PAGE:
Well, maybe it means that artistic ambition in Hollywood is on the wane. But it's cheaper than ever for filmmakers to make and distribute artistically ambitious indie-type films. We don't need Hollywood for that. We need Hollywood for flicks with expensive special effects, big-name stars, trademarked characters from our youth, etc.
   59. McCoy Posted: February 25, 2012 at 05:05 PM (#4068705)
I'm not really sure what you're getting after, McCoy.

Basically post 55 sums it up. What we do, what we value, what we like has changed and has changed radically and rapidly. A certain segment may whither or even die but that doesn't mean another segment or 50 didn't come along take its place.
   60. PreservedFish Posted: February 25, 2012 at 05:12 PM (#4068712)
I (somewhat) agree with #55, and I don't understand how it connects in any way with the books of political pundits.

That the modes of consumption and production have changed so radically is amazing, and very important, but I think it's a separate conversation from the one about shifts in artistic style. This is actually the very first thing that the Vanity Fair article addresses.

> On edit: sometimes. Obviously the rise of the DVD and Tivo made a big difference in the artistic ambitions of TV writers.
   61. RoyalsRetro (AG#1F) Posted: February 25, 2012 at 05:17 PM (#4068715)
Lady Gaga > Pavement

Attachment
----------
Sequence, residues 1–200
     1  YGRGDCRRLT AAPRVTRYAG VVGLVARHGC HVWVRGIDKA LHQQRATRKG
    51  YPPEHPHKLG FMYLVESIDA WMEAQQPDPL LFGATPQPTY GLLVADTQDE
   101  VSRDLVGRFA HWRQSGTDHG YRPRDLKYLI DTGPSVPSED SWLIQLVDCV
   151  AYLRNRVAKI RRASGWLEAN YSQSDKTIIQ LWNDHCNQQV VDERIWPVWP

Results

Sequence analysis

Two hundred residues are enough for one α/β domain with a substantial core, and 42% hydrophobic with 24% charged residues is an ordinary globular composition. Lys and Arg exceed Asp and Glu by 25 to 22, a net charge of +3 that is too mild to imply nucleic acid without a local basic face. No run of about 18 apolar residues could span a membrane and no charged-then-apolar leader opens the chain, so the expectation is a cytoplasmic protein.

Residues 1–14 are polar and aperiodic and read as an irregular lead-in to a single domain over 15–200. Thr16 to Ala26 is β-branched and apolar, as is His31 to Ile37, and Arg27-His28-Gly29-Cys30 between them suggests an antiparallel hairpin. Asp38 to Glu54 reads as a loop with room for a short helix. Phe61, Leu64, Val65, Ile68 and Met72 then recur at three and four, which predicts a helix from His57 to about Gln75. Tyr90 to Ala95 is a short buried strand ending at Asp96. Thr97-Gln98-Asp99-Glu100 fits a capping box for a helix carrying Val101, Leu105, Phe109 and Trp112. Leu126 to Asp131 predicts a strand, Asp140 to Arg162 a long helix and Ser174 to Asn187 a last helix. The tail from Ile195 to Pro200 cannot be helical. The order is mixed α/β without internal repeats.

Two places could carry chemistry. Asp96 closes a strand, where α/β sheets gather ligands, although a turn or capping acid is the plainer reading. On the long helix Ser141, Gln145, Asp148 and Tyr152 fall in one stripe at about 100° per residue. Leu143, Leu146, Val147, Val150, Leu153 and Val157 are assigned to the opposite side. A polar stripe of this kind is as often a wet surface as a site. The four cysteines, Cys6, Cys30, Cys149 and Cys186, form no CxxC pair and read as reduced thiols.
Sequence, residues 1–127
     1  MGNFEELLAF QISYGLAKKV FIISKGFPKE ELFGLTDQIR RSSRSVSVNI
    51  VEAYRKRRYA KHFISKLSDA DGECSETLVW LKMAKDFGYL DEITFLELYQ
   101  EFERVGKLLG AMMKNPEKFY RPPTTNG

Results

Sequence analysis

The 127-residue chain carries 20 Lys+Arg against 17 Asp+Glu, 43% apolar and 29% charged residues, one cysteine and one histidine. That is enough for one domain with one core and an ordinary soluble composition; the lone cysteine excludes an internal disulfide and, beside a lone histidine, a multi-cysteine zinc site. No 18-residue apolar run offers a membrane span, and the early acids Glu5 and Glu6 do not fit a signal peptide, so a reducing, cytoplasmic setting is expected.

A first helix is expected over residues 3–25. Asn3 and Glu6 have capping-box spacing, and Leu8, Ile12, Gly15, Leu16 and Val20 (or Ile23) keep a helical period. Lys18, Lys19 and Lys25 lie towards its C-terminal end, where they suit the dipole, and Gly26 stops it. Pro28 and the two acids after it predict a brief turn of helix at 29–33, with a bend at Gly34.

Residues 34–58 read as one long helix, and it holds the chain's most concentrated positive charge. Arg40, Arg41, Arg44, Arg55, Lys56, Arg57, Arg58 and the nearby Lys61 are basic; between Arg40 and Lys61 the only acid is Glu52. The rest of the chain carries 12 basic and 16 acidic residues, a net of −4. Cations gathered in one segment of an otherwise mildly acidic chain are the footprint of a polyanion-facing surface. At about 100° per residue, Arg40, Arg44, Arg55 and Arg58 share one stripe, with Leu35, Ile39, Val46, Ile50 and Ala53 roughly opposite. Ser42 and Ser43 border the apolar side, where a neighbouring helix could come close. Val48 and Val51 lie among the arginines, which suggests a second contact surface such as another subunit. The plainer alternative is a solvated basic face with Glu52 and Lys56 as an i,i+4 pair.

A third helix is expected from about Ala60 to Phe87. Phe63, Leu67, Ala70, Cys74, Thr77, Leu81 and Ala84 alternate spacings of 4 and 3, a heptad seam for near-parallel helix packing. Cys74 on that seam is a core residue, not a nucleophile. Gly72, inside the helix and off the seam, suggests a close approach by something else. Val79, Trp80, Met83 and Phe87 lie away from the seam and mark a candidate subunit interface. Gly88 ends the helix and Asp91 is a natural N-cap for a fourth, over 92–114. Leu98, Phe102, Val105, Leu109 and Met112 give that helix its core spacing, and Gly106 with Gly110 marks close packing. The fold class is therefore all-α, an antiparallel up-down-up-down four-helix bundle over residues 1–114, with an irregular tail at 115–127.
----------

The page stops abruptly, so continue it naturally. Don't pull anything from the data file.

62. hokieneer Posted: February 25, 2012 at 05:39 PM (#4068723)
#55, #58 good points. The era of having a clearly defined "Biggest Band in the World", or mega successful and cultural defining film like Godfather, Gone with the Wind, or Star Wars; is probably over. I believe this is a marvelous change as it allows many more voices into the artistic/entertainment conversation.

The same phenomenon is starting to be seen in the relatively new mediums of TV and video games.

A small cable channel like AMC has been able to create many critically acclaimed and popular original series on small budgets. 10 years ago, only the HBO type of cable channels were able to produce original TV content like that, and 20 years ago all original content came from the 3(4) powerhouse networks.

Besides the amazing popularity of rehashed Madden and COD-type video games, over the last ~5 years there has been a dramatic increase in the popularity and artistic value of independent and small development house game productions. Technology has grown to the point where it can be relatively cheap (compared to say 10+ years ago) to develop a polished game in a small team and distribute it via the web, PSN, Xbox live, or Itunes.


   63. Crispix reaches boiling point with lackluster play Posted: February 25, 2012 at 05:43 PM (#4068725)
The biggest change with dance music, particularly songs with faster BPMs, is simply its re-acceptance into the mainstream culture after a nearly 30-year absence.